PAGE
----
Hidden History of North Dakota

The Hidden History of Native American Icon, Sakakawea

Hidden History

(PHOTOS COURTESY OF THE STATE HISTORICAL ARCHIVES OF NORTH DAKOTA: 701-328-2666)

Much of tribal history has been passed down through the oral tradition for generations. So today, these stories can be told in slightly different ways. Add in the US westward expansion in the early 1800s, and the stories become even more blurred.

There is one Native American woman whose story has been told so many times and in so many ways, that she’s become the most well-known and celebrated woman in American history.

We share the many legends of Sakakawea, in today’s Hidden History.

Welcome to Knife River Indian Villages, now located in the town of Stanton, North Dakota. We spent the morning walking along the land Sakakawea grew up on.

She lived in an earth lodge much like the replica at Knife River today. It’s the land that she lived on for several years. You can see the indents in the earth, where the Mandan and Hidatsa lodges once stood.

But when and how she arrived here is up for debate. Because multiple tribes have tried to claim her as their own over the years, it’s not really clear if she was, in fact, Shoshone stolen by the Hidatsa in her early teenage years, or if she was born a Hidatsa.

MHA Nation Historian Calvin Grinnell shares, “My grandmother always said that she was our grandmother through a brother of hers or either a relative named Cherry Necklace. And from his story comes the corroboration that she was a Hidatsa and not a Shoshone.”

For almost five years, Grinnell and a group of Hidatsa historians, including his sister, Clarysa Mandan, are currently researching the oral traditions, along with DNA through Ancestry.com, to establish ties to Sakakawea.

We do know from journals, this is where she met Lewis and Clark when she was between 13 and 16 years old, and they began their two-year journey together in 1804.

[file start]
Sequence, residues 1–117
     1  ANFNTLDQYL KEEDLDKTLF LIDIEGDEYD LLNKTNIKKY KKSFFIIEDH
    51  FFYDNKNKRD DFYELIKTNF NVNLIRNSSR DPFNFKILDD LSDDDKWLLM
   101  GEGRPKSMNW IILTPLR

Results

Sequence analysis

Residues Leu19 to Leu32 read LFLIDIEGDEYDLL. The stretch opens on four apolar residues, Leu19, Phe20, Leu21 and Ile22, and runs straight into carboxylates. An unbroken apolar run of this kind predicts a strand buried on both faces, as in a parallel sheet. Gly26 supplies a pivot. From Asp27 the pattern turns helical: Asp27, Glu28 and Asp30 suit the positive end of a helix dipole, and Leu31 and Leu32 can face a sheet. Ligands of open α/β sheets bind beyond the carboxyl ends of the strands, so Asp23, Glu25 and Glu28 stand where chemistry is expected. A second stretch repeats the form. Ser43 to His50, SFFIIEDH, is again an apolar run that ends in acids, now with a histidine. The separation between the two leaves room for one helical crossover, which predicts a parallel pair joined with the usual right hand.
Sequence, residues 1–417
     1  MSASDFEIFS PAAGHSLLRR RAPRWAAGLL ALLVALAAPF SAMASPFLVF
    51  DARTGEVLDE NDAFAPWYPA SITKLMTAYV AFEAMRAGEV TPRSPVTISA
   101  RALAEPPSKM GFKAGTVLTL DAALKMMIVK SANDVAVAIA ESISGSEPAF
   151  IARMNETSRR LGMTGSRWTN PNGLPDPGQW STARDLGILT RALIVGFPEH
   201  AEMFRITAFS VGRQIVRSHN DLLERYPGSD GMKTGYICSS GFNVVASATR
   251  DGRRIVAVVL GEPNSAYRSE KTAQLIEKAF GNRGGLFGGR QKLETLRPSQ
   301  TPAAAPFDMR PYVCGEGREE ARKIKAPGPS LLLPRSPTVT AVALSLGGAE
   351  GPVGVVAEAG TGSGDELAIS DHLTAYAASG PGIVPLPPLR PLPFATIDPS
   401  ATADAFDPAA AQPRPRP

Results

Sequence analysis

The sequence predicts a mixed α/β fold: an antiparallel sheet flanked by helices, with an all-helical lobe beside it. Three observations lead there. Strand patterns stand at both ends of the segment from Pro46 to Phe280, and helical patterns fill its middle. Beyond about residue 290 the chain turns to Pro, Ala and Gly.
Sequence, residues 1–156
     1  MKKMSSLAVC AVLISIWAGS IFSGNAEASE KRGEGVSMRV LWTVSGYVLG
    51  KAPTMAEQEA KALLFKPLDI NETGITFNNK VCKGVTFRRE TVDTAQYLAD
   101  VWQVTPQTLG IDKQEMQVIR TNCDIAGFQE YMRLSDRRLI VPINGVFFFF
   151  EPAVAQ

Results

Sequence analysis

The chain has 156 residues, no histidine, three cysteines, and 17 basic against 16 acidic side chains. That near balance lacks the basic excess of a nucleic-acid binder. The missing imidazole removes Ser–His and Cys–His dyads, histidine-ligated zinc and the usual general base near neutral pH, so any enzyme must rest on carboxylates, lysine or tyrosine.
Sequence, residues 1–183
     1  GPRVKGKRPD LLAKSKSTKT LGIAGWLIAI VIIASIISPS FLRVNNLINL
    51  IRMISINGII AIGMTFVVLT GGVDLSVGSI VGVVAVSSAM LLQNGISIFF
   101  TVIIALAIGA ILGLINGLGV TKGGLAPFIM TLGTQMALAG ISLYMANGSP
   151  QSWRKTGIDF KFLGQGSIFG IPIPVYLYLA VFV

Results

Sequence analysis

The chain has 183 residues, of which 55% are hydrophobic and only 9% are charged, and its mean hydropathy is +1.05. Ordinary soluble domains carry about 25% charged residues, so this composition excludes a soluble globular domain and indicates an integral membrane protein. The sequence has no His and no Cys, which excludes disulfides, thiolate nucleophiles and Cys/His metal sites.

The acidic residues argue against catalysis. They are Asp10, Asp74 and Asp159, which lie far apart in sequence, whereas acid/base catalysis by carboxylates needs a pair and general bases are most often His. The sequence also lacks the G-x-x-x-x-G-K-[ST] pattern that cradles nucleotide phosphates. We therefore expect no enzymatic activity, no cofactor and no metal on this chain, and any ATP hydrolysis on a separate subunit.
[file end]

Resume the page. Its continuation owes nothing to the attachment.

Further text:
Knife River Interpretive Park Ranger Darian Kath explains, “Sakakawea is pretty much like half, almost half of the Lewis and Clark expedition, as far as her time spent with the men of the Lewis and Clark expedition.”

She was chosen to go along because of her husband. Sakakawea was married off as one of many wives, to French Canadian Fur Trader Toussaint Charbonneau.

Grinnell adds, “Charbonneau actually sought them out. He wanted to be an interpreter, wanted to be their guide. So he was the one who said Sakakawea was a Shoshone. And of course, they couldn’t speak her language, everything she said had to go through him, so he was able to convince them that she was from Shoshone land.”

Grinnell said this claim was made to smooth trade relationships that became necessary along their journey.

He explains, “She was trying to diffuse the situation so there wouldn’t be any conflict because she had her baby with her, you know.”

Little is known about her life after she parted ways with Lewis and Clark. Kath says she likely passed in her 20s of a venereal disease. But according to Grinnell, the Hidatsa believe she likely lived into her 80s.

Grinnell believes, “She died from wounds sustained during an ambush.”

Which Grinnell says happened up the river from here.

Kath shares, “We can only glean a little bit from who she actually was. You know, we don’t know what she looked like. We know that she had two children. We know her approximate age, but beyond that, we don’t know the true Sakakawea.”

Fast forward to the suffrage movement, which celebrated 100 years in 2019:

Grinnell explains, “They put her in the front as a hero.”

Although Native American women wouldn’t gain the right to vote for another about 40 years, Sakakawea became the face of the movement.

Grinnell adds, “They promoted her as a strong woman, which she was.”

He says the romanticizing of Sakakawea as a white American icon became justification for the conquering of these lands.

Grinnell says, “They’ve sort of given her over to the history of America because she helped open up this west.”

Grinnell’s sister, Clarysa, says Sakakawea was never looking to be a hero. She was just doing her duty as a mother and as a tribal woman.

Grinnell adds, “She did the best she could. I think it’s a story that needs to be told. Our story needs to be told. I think we deserve that.”

Grinnell and his team of historians are in the process of drafting a book about Hidatsa history, including an in-depth look at Sakakawea’s story.

Copyright 2019 Nexstar Broadcasting, Inc. All rights reserved. This material may not be published, broadcast, rewritten, or redistributed.

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